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Poems About Hands

Table of Contents

  1. Ten True Friends by Anonymous
  2. A Woman's Hand by Amos Russel Wells
  3. My Lady's Hands by R. H. House
  4. My Mother's Hands by Anonymous
  5. Those Willing Hands by Kate Slaughter McKinney
  6. The Thumb by Amos Russel Wells
  7. Little Fingers by Anonymous
  8. Two Hands by Mary Bartol
  9. Each New Little Day Slips Out of My Hand by Annette Wynne

  1. Ten True Friends

    by Anonymous

    Ten true friends you have,
    Who, five in a row,
    Upon each side of you
    Go where you go.

    Suppose you are sleepy,
    They help you to bed;
    Suppose you are hungry,
    They see that you are fed.

    They wake up your dolly
    And put on your clothes,
    And trundle her carriage
    Wherever she goes.

    And these ten tiny fellows,
    They serve you with ease;
    And they ask nothing from you,
    But work hard to please.

    Now, with ten willing servants
    So trusty and true,
    Pray who would be lazy
    Or idle—would you?

  2. A Woman's Hand

    by Amos Russel Wells

    Soft and tender, smooth and white,
    Formed for winning and delight,
    Nature has no lovelier sight,—
    A woman's hand.

    Wrinkled, worn with much to do,
    Many a task for me and you,
    In all trials good and true,—
    A woman's hand.

    Clasping ours through life and death,
    Lovingly to latest breath,
    Sweetest thing that comforteth,—
    A woman's hand.

  3. My Lady's Hands

    by R. H. House

    My lady hath of charms her lion’s share;
    Grace, beauty, wit and a sweet thoughtfulness,
    Which rests serenely on her gentle face,
    Sweet as the flowers are, and pure as air.

    Yet, of all forms of beauty which she wears,
    One is reserved for me alone—the best;
    Her loving hand-clasps are for me; the rest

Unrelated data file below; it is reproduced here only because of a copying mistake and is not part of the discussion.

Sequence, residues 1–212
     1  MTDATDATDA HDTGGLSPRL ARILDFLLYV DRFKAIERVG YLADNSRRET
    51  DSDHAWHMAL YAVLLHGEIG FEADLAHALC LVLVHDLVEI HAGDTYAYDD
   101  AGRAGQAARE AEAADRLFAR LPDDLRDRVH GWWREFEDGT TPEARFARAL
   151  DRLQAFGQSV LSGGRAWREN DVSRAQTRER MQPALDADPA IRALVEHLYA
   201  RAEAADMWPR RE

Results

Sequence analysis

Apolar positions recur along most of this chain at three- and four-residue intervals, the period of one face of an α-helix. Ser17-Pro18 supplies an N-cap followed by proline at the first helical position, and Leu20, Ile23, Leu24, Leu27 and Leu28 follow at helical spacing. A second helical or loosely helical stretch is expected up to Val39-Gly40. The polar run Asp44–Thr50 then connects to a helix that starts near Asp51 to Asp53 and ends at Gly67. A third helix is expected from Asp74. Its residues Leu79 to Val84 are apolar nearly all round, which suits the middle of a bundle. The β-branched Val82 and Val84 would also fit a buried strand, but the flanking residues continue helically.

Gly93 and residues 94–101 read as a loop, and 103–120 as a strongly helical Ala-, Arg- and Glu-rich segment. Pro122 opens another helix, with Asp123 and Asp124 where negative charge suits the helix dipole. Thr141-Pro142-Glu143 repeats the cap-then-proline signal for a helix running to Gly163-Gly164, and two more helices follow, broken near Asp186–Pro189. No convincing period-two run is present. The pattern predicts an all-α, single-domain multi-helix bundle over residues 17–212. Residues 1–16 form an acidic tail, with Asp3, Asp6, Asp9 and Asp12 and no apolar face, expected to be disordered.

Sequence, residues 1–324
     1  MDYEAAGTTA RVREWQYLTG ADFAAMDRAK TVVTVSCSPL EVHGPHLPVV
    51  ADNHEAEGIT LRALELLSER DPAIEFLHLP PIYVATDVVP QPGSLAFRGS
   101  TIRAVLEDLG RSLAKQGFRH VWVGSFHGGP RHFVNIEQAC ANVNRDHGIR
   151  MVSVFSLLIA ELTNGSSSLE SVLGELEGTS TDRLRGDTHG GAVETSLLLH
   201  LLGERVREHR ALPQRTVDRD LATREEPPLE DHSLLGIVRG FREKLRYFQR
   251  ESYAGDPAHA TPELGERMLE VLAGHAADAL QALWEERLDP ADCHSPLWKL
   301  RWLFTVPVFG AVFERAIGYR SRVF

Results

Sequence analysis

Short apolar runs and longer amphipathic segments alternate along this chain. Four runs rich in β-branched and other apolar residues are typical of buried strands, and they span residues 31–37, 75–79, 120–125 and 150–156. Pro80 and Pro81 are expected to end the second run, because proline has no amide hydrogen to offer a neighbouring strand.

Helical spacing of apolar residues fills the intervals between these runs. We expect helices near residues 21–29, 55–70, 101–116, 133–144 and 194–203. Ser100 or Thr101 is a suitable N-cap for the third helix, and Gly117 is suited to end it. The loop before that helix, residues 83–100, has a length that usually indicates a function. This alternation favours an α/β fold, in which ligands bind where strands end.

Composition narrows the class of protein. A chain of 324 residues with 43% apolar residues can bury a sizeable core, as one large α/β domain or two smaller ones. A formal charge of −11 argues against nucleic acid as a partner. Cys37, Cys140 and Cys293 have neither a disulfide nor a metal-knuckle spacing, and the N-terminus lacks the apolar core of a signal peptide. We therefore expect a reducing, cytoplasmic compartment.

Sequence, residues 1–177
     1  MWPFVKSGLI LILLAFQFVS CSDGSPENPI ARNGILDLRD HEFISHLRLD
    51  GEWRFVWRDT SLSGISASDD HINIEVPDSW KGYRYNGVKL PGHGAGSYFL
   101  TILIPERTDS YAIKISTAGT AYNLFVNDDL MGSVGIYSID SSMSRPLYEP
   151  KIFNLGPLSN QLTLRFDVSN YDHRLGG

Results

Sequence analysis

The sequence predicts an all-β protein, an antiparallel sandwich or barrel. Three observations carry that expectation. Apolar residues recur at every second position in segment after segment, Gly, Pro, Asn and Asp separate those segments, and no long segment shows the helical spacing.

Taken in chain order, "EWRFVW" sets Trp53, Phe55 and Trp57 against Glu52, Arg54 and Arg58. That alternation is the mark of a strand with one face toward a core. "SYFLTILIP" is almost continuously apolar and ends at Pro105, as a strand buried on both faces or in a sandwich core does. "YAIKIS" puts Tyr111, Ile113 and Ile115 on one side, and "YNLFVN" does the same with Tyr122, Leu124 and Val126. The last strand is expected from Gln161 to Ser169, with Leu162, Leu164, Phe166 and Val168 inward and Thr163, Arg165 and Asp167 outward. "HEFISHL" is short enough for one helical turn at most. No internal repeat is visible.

Not mine alone may be, the whole world shares.

    Eye speaking unto eye must fail oftimes
    To utter all the feelings love demands,
    And loving letters leave to clasping hands
    To speak the heart-throbs hid "between the lines.”

    Old age must one day touch my darling’s brow,
    Her dear face wrinkle, and her large eyes dim;
    But then her hands will touch the hands of him
    Who lives for her, with thrill as sweet as now.

    Ah, when my spirit freed from earth stains lands
    On those blest shores beyond Death’s narrow sea.
    May the dear boon be granted unto me
    To feel, close clasped in mine, my lady’s hands.

  4. My Mother's Hands

    by Anonymous

    Such beautiful, beautiful hands!
    They're neither white nor small;
    And you, I know, would scarcely think
    That they are fair at all.
    I've looked on hands whose form and hue
    A sculptor's dream might be;
    Yet are those aged, wrinkled hands
    More beautiful to me.

    Such beautiful, beautiful hands!
    Though heart were weary and sad,
    Those patient hands kept toiling on,
    That the children might be glad.
    I always weep, as, looking back
    To childhood's distant day,
    I think how those hands rested not
    When mine were at their play.

    Such beautiful, beautiful hands!
    They're growing feeble now,
    For time and pain have left their mark
    On hands and heart and brow.
    Alas! alas! the nearing time,
    And the sad, sad day to me,
    When 'neath the daisies, out of sight,
    These hands will folded be.

    But oh! beyond this shadow land,
    Where all is bright and fair,
    I know full well these dear old hands
    Will palms of victory bear;
    Where crystal streams through endless years
    Flow over golden sands,
    And where the old grow young again,